Alongside the ongoing issue of plastic pollution, there is also the widespread bleaching of coral reefs globally due to rising sea surface temperatures.

Malaysia is undoubtedly not exempt from this phenomenon as our country is part of the Coral Triangle, one of the largest coral reef areas in the world. This event is also said to be one of the worst to hit Malaysia’s coral reef ecosystems and is expected to become more frequent in the coming years due to climate change.

Malaysian waters also hold significant economic importance. Citing a report by the Economic Research Institute for Asean and East Asia, a substantial portion of Malaysia’s gross domestic product is contributed by the Blue Economy.

Billions of ringgit are contributed by the fisheries sector to the national income each year, providing a vital source of protein for Malaysians.

Additionally, our waters play a crucial role in global maritime trade, with major ports like Port Klang and Tanjung Pelepas Port serving as trade hubs connecting Southeast Asia with the rest of the world.

The ocean is no longer just about fish and ships. The rapidly growing aquaculture industry offers job opportunities and boosts the local economy. The potential hydrocarbon resources on the seabed and the tourism potential of marine activities, including diving and ecotourism, add further economic value that can be derived from our waters.

Therefore, the protection and sustainable management of marine ecosystems are critical to ensuring the country’s economic sustainability and the well-being of its people.

What is disappointing and worrying is that to date, we still do not have a comprehensive national plan for managing and monitoring marine resources. This also provides more reasons to establish a dedicated ministry for the management of the country’s waters, including marine and maritime issues.

Calls for the establishment of a specific ministry are not new and have been repeatedly recommended by experts in the country due to issues such as overlapping jurisdictions among government agencies, leading to inefficiency and confusion in policy or initiative implementation, the absence of centralised management and the lack of data and technical expertise.

In neighbouring countries such as Indonesia and Korea, these dedicated ministries already exist and play roles in managing maritime logistics systems, sustainable ocean management, achieving maritime security and prospering fishing communities.

The establishment of a dedicated ministry responsible for marine and maritime affairs is critical to ensure that all aspects related to the country’s waters, including fisheries, marine biodiversity conservation, pollution management and maritime security, are managed more systematically and comprehensively.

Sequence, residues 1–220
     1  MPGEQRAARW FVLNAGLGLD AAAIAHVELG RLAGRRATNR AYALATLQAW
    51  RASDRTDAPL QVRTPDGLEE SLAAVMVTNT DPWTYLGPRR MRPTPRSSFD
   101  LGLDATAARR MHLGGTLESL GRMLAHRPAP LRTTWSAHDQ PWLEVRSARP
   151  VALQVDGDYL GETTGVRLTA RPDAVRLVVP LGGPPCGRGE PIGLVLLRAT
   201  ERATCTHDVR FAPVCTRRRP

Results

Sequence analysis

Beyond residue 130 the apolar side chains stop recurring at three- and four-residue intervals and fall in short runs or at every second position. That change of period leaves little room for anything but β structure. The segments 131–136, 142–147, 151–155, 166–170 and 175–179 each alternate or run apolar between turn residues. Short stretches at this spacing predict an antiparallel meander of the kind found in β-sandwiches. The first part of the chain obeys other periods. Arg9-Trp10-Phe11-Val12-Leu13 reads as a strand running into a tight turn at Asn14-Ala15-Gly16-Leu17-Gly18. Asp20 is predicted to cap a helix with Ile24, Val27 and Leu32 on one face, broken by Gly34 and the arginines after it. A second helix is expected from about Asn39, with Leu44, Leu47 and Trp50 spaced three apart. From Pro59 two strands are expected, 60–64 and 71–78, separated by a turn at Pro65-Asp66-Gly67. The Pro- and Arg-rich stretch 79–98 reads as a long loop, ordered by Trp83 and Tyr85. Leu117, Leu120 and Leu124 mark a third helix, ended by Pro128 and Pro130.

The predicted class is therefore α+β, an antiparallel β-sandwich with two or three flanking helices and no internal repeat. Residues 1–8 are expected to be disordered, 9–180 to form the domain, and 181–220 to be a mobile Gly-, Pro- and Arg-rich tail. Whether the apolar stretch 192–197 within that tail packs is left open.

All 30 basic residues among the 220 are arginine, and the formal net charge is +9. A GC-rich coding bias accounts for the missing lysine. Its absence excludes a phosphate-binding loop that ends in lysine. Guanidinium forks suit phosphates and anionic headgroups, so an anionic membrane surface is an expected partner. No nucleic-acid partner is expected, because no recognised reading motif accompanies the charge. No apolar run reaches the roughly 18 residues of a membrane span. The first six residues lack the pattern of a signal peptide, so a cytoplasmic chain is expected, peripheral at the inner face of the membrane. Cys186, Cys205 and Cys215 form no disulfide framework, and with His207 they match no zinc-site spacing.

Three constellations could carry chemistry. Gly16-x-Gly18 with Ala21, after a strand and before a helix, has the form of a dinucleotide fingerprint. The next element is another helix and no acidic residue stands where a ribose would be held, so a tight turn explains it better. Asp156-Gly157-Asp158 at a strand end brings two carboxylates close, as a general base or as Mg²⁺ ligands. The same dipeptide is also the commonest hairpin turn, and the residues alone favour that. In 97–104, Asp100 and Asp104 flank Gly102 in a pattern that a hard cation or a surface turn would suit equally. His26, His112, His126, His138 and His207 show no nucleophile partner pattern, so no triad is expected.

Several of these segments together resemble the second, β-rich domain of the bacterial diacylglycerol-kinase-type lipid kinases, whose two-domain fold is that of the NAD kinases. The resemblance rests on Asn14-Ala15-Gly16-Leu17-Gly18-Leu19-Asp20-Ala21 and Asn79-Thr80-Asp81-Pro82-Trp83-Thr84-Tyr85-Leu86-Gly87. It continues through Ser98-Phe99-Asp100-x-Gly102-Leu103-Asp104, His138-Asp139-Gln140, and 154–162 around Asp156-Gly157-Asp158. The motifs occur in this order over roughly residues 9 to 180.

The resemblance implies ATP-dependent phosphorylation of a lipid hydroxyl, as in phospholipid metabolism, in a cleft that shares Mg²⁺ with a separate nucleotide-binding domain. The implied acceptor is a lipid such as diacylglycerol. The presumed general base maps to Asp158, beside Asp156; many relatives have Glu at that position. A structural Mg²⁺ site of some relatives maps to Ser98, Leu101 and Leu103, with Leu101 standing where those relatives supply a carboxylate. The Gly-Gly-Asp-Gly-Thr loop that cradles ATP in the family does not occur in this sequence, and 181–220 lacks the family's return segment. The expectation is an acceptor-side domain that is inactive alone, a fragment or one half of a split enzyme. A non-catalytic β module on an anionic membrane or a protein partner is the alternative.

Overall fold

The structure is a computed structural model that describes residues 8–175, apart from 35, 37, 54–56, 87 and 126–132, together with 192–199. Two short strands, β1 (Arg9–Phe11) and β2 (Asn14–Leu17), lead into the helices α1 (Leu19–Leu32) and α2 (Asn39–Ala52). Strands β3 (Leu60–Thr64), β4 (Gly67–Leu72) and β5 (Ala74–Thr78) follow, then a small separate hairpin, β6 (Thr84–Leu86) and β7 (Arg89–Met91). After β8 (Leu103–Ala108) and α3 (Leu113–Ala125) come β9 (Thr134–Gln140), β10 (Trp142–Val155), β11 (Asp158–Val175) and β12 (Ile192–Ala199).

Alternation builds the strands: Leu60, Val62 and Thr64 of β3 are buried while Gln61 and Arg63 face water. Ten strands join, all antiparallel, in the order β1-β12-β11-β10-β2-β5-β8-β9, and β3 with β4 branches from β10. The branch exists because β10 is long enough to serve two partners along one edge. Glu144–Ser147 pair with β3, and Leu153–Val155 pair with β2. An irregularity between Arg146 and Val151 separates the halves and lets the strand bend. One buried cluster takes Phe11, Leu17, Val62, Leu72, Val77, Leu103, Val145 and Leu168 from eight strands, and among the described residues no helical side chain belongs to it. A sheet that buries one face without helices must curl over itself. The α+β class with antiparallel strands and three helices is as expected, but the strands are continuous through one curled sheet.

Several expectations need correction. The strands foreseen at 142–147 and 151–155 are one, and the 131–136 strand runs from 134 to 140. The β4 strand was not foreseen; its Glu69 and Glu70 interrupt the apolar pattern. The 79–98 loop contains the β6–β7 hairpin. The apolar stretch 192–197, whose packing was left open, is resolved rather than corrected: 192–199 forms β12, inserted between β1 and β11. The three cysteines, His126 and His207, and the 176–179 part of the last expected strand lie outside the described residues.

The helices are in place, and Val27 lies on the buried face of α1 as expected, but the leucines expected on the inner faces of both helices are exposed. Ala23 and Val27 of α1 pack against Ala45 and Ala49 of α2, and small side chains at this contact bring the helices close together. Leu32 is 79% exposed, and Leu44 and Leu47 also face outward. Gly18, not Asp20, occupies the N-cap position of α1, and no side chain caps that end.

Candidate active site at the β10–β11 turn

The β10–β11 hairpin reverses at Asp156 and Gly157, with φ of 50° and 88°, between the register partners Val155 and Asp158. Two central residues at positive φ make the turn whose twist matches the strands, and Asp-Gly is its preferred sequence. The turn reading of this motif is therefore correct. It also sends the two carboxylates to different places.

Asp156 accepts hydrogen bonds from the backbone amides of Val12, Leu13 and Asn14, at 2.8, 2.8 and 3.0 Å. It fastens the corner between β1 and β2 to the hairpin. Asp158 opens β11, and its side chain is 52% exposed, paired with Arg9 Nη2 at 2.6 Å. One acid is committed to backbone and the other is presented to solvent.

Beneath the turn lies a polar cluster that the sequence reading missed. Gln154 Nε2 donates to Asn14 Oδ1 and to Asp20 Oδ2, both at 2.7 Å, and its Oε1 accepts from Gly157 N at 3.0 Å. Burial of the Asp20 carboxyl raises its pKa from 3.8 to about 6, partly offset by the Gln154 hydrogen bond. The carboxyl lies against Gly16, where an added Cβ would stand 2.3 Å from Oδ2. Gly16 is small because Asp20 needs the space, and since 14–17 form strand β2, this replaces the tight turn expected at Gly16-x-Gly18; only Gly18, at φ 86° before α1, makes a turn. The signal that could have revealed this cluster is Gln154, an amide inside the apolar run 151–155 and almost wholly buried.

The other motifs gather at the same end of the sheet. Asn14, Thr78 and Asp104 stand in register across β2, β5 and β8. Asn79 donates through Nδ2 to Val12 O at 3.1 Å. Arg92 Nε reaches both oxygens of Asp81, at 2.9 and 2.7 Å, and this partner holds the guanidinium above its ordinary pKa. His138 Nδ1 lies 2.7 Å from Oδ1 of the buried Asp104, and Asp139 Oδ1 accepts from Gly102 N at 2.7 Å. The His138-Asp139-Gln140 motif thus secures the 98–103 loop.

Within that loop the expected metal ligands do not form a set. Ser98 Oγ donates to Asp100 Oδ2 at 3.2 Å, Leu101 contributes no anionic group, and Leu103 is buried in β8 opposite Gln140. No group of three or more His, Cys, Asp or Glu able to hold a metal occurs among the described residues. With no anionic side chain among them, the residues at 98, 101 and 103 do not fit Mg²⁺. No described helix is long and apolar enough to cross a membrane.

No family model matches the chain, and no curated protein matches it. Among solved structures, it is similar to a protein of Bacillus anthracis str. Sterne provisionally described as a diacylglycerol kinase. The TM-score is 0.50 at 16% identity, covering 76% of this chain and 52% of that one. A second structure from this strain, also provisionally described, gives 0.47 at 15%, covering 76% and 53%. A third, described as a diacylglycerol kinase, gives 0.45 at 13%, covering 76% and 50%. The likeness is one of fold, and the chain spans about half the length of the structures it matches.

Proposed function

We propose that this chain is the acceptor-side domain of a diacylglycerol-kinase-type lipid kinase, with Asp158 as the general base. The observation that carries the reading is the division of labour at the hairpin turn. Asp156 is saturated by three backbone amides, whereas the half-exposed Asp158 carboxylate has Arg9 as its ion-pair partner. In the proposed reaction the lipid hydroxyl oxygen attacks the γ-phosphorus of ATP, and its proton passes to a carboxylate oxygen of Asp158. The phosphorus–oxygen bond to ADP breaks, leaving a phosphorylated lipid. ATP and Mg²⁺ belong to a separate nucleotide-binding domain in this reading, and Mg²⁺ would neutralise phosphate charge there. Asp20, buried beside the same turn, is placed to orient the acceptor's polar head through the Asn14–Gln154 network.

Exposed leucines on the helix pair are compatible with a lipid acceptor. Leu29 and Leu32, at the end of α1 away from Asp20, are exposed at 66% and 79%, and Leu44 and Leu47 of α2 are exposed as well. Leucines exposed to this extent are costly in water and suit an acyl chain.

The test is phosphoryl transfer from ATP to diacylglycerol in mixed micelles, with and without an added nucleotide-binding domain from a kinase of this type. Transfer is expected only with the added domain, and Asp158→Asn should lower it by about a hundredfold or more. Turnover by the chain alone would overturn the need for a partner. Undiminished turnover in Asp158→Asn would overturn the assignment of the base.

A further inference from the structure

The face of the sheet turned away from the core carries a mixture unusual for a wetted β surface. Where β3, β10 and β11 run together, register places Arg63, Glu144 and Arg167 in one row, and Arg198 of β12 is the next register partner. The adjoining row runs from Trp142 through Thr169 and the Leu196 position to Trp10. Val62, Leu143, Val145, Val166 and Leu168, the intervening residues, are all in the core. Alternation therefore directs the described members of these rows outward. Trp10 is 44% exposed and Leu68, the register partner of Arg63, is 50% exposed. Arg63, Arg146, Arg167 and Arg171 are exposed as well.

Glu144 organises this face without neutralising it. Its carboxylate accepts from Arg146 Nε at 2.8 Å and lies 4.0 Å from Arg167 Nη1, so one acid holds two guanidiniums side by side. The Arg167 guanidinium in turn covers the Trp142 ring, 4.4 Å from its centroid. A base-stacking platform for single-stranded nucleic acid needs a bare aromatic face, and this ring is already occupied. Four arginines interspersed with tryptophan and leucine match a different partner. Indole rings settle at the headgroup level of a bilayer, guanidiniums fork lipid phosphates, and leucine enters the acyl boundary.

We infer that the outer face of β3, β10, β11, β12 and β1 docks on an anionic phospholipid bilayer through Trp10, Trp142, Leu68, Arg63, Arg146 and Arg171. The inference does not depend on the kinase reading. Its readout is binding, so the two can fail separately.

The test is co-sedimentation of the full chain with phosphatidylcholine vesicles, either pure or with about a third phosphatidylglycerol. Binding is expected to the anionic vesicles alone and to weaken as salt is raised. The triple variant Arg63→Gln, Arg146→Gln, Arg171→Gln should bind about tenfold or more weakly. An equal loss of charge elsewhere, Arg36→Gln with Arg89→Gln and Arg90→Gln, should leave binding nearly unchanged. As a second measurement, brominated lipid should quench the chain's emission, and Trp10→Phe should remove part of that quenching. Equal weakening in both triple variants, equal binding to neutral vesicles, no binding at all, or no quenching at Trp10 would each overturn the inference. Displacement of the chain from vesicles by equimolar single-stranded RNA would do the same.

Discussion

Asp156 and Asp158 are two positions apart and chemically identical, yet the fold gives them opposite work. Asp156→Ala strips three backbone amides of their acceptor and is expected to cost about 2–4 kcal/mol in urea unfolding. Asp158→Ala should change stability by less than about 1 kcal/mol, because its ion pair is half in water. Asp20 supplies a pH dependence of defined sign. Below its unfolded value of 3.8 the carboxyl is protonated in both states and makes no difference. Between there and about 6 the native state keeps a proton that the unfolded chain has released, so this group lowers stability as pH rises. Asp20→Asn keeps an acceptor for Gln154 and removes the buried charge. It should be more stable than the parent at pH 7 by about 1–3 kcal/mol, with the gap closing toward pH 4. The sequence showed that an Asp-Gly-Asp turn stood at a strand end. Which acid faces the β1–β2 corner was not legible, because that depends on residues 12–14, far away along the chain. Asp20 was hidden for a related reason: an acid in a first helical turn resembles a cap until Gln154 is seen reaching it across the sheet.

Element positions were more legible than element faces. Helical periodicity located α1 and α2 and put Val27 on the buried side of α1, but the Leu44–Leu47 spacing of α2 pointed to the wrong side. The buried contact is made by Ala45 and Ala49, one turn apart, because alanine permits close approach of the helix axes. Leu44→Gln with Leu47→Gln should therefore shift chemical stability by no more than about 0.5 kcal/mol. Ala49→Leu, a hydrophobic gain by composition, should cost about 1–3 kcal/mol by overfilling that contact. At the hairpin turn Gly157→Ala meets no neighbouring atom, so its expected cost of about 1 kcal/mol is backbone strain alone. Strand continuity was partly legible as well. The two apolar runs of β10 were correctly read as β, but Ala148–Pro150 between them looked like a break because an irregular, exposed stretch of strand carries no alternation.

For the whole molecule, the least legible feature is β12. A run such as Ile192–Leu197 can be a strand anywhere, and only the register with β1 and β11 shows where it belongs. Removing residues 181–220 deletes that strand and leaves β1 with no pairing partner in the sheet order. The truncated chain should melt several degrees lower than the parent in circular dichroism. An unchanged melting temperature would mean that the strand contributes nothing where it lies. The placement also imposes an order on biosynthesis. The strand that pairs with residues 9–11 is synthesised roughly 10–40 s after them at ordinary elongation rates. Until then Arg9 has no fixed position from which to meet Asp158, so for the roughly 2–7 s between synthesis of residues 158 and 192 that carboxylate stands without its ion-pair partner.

This ministry can also serve as a coordination centre for all agencies involved in marine management, ensuring no task overlaps and that resources are used efficiently.

It will also ensure that Malaysia’s waters remain productive and resilient. Furthermore, marine policies can be formulated and implemented more effectively, ensuring the sustainability of a healthy and sustainable marine ecosystem for future generations.

The Madani government can take several proactive steps to overcome and prevent ongoing issues:

Establishing a comprehensive policy covering all aspects of marine management and protection, including controlling invasive species, pollution management and conserving critical habitats such as coral reefs and mangroves.

Strengthening the enforcement of existing laws by increasing the resources and capabilities of enforcement agencies, ensuring that penalties are severe enough to deter violations, and implementing continuous monitoring and research programmes to assess the condition of marine ecosystems, identify new threats and evaluate the effectiveness of measures taken.

Enhancing cooperation among government agencies, research institutions, the private sector and NGOs to ensure an integrated and effective approach to managing marine issues.

Encouraging educational and research institutions to play a more active role, not only in educating future generations and conducting research activities but also in being a voice that expresses professional and non-partisan opinions on marine issues. These institutions need to be involved in information dissemination, policy advocacy and providing evidence-based guidance from scientific studies to policymakers.

Establishing a dedicated ministry to ensure that all aspects related to the country’s waters, including fisheries, marine biodiversity conservation, pollution management and maritime security, are managed more systematically and comprehensively.

What is the price of Malaysian waters? Its priceless ecological value and direct impact on the economy and public well-being should not be neglected. Firm measures and effective cooperation must be taken before we pay a higher price for today’s mistakes.

The writer is a youth climate advocate, National Consultative panel member to the Natural Resources and Environmental Sustainability Ministry and a PhD candidate at Universiti Putra Malaysia. Comments: